Everything you need to know about the Electoral College in 2020

By Alexandra Yetter, Senior Reporter

Shane Tolentino

With less than 100 days until the November general election, the Electoral College is once again creeping into the political conversation, even though it’s something many Americans likely know little about.

How does the Electoral College work?

Prior to the general election in a presidential year, each state’s political parties nominate a group of “electors” who pledge to vote for a party’s candidate. The number of electors from each state party is based on the number of the state’s congressional representatives, plus two electors for senators. The number of representatives in each state is based on population, which is counted every 10 years in the census.

For instance, Illinois—which has swung Democratic in recent presidential elections— has 20 electoral votes of the total 538 electors nationwide, although a candidate only needs 270 electoral votes to secure the nomination. Democratic electors include Mayor Lori Lightfoot, Rep. Jesus “Chuy” Garcia (D-Ill.) and Ald. Silvana Tabares (23rd Ward), who is also a Columbia alum.

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Typically, these electors are “local party faithful” in an honorary position, said Randall Calvert, Thomas F. Eagleton professor of public affairs and political science at Washington University in St. Louis, Missouri.

Party slates of electors are then submitted to their local Secretary of State. On Election Day, voters in all states—except for Maine and Nebraska, where a different system is used—will see President Donald Trump and presumptive Democratic nominee Joe Biden’s names at the top of their respective tickets. But what they are actually voting for is the slate of electors who pledged to vote for whichever candidate they choose.

Based on which candidate wins the popular vote in the state, the Secretary of State is expected to submit the corresponding party’s electors to cast their official votes in the election. Those votes are what actually elect a president and vice president.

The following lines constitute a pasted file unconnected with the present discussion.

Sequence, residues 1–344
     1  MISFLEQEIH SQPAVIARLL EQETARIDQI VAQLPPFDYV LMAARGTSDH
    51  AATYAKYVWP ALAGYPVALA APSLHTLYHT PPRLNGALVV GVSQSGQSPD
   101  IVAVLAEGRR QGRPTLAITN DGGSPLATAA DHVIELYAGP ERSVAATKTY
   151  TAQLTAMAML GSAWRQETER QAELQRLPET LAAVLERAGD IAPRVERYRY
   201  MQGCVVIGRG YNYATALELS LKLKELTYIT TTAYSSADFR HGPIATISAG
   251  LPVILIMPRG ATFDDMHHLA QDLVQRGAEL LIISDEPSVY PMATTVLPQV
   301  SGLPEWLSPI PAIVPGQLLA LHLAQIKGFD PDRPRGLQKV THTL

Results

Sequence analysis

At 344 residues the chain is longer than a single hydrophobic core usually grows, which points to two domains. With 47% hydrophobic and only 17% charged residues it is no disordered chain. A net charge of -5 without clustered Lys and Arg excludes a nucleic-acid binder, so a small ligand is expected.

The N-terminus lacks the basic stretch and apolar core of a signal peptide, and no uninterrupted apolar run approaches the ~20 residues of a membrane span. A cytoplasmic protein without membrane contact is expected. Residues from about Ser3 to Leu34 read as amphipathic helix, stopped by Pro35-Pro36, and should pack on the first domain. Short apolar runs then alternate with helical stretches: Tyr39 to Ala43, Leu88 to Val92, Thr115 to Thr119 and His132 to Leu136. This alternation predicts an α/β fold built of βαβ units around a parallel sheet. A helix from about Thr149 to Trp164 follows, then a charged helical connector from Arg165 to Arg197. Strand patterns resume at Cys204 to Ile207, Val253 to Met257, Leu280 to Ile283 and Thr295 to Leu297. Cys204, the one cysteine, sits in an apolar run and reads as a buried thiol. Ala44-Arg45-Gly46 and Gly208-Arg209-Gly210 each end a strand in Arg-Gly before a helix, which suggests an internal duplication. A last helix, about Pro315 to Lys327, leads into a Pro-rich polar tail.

What about “faithless electors”?

What if an elector goes rogue and does not vote for the candidate who won the most votes? This can happen but does not happen often and it usually does not affect the national outcome in any serious way, Calvert said.

These are called “faithless” electors, or electors who cast a ballot contrary to who won in their state. In 2016, there were seven so-called “faithless” electors. Five of them were faithless to Democratic nominee Hillary Clinton by not casting their electoral vote for her even though she won the popular vote in their states. Two did the same to Trump. Over the past few decades, there has only been around one faithless elector per presidential election.

However, a Supreme Court decision made this term could prevent as many electors from casting a ballot contrary to their state’s voters.

In the July 6 decision in the case Chiafalo v. Washington, the court unanimously voted to allow states to remove or sanction any electors who vote contrary to a state’s voters. The case stems from 2016 when three “faithless” electors in Washington voted for Secretary of State Colin Powell in an attempt to sway electors away from Trump. They were each fined $1,000.

“Here was a great example of the Supreme Court doing the right thing,” Calvert said.

But the court’s ruling does not necessarily guarantee a clean election this fall.

What may happen in November?

Edward Foley—the Charles W. Ebersold and Florence Whitcomb Ebersold Chair in Constitutional Law at Ohio State University—is concerned this year’s election will look more like the “most disputed presidential election in American history” between Rutherford B. Hayes and Samuel J. Tilden in 1876.

The election was decided in Republican Rutherford’s favor by only one electoral vote and caused conflict in Congress before the inauguration as congresspersons sparred over who would become the next president. The confusion over who won was due to both major parties in four states—Florida, Louisiana, South Carolina and Oregon—claiming they won their state’s popular vote.

The risk of a situation similar to 1876 happening in 2020 is higher than it has ever been, Foley said.

With so many states depending on mail-in ballots because of the coronavirus pandemic, it may be more likely that both parties could claim a win in a particular state, leading to legal disputes tied up in the courts that could take a long time to resolve, Calvert said.

Others have disputed whether voting by mail will cause such a disruption.

If there is no clear winner, the 12th Amendment of the U.S. Constitution would come into play. The amendment sends the decision to the U.S. House where one representative for each state casts a vote for any of the top three candidates with the highest popular vote.

Although there is a Democratic majority in the U.S. House, red states individually would outnumber blue ones in this scenario, Calvert said.

“This year in particular, it’s going to be really important whether the vote overall in the country is a close vote or a lopsided vote,” Calvert said.